Spectacular ‘ring of fire’ solar eclipse thrills skywatchers from Africa to Asia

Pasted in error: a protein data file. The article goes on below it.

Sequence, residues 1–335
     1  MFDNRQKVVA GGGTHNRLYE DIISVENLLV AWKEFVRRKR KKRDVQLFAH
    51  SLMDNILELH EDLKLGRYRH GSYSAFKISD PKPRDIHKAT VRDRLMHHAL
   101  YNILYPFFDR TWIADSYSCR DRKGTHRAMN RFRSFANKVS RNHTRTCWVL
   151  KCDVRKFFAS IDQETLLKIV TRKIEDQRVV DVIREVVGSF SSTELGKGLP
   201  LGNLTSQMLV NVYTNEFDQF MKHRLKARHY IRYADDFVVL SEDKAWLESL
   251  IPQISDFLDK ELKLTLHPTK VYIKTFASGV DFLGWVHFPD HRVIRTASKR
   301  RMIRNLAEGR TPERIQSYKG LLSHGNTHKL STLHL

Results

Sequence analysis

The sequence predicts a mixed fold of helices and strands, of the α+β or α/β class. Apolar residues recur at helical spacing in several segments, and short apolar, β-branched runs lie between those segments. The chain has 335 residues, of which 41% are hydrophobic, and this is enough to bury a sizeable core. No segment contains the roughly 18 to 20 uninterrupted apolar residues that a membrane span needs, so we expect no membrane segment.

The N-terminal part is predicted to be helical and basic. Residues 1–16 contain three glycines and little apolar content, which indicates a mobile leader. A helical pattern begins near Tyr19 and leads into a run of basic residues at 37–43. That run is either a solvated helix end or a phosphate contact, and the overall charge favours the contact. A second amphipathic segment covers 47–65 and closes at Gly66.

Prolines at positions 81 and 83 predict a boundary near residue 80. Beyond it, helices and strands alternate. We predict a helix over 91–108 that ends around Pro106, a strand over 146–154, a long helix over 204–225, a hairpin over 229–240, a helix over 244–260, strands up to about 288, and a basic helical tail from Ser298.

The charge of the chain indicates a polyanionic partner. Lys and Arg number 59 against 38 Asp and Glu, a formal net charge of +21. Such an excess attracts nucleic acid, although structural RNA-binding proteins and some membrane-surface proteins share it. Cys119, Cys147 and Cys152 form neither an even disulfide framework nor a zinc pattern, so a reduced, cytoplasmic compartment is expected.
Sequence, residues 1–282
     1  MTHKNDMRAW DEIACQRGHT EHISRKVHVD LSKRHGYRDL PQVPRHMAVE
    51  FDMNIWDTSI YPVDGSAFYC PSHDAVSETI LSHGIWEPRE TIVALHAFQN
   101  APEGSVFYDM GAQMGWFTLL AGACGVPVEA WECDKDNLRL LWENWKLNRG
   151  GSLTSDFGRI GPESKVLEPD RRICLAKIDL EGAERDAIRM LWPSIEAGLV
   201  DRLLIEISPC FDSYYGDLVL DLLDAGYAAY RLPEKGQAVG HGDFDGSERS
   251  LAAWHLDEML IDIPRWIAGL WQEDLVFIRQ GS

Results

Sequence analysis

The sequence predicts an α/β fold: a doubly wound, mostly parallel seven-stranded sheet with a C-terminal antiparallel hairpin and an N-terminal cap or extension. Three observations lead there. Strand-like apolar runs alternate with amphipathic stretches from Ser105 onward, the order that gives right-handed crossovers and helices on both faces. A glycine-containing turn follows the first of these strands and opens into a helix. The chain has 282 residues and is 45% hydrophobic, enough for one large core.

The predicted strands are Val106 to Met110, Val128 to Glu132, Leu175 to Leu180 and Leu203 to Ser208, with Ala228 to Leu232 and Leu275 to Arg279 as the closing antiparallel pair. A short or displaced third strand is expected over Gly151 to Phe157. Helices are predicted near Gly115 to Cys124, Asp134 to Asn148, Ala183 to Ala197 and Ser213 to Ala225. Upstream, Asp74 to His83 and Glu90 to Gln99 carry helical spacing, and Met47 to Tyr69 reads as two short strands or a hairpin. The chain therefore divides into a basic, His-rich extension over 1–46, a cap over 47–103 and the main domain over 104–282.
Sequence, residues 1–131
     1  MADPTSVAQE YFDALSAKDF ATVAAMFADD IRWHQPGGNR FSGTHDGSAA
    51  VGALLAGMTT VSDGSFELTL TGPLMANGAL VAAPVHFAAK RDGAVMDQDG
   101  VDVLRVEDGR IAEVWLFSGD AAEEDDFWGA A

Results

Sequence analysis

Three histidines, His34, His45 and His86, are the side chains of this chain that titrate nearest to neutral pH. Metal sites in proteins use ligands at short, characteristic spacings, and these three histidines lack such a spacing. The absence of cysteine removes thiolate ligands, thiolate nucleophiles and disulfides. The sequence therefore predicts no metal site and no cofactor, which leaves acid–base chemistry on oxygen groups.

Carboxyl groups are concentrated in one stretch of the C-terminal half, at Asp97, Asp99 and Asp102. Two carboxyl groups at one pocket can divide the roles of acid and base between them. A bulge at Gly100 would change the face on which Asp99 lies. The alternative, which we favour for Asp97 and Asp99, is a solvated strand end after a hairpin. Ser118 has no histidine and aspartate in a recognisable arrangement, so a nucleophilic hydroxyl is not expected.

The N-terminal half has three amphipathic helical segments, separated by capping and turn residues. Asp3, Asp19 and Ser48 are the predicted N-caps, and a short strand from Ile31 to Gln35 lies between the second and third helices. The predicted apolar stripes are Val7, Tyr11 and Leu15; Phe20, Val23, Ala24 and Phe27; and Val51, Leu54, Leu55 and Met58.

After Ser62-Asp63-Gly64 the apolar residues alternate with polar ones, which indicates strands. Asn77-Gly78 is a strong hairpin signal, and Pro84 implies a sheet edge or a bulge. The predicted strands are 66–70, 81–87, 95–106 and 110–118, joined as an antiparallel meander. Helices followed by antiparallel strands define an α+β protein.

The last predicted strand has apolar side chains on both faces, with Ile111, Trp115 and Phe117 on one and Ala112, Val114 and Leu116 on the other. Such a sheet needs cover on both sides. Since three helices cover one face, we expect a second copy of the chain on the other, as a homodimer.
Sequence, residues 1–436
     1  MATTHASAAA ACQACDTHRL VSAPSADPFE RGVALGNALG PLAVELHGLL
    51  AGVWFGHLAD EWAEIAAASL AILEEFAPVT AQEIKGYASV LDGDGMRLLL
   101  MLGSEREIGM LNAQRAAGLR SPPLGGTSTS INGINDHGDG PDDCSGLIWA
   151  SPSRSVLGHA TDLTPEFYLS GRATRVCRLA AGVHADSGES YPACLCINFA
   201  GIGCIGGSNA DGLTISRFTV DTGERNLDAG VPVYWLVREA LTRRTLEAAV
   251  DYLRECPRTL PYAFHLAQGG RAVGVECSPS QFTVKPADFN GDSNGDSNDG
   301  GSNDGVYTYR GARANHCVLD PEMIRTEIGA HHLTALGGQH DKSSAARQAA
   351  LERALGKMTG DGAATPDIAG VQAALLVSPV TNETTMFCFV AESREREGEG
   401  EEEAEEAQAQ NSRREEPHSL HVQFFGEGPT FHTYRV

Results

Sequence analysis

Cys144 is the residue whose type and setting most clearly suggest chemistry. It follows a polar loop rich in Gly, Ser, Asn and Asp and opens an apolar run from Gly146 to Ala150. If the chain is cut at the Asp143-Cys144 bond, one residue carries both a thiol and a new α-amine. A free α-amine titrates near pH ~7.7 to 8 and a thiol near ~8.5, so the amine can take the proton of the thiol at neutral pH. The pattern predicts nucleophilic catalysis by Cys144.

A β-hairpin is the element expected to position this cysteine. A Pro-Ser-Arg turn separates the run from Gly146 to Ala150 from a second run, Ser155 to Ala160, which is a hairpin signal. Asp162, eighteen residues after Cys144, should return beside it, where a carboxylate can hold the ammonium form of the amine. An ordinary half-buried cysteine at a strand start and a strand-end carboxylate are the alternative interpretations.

Skywatchers along a narrow band from west Africa to the Arabian Peninsula, India and the Far East witnessed Sunday a dramatic “ring of fire” solar eclipse. So-called annular eclipses occur when the Moon—passing between Earth and the Sun—is not quite close enough to our planet to completely obscure sunlight, leaving a thin ring of the solar disc visible. Arcing eastward across Africa and Asia, it  reached “maximum eclipse”—with a perfect solar halo around the Moon—over Uttarakhand, India near the Sino-Indian border at 12:10 local time (0640 GMT). In Nairobi, east Africa, observers saw only a partial eclipse as clouds blocked the sky for several seconds at the exact moment the Moon should have almost hidden the Sun. Without the coronavirus pandemic, they would have organised a trip to Lake Magadi in southern Kenya where the skies are generally clearer than over the capital. The full eclipse was visible at successive locations over a period of nearly four hours, and one of the last places to see the partially hidden Sun was Taiwan.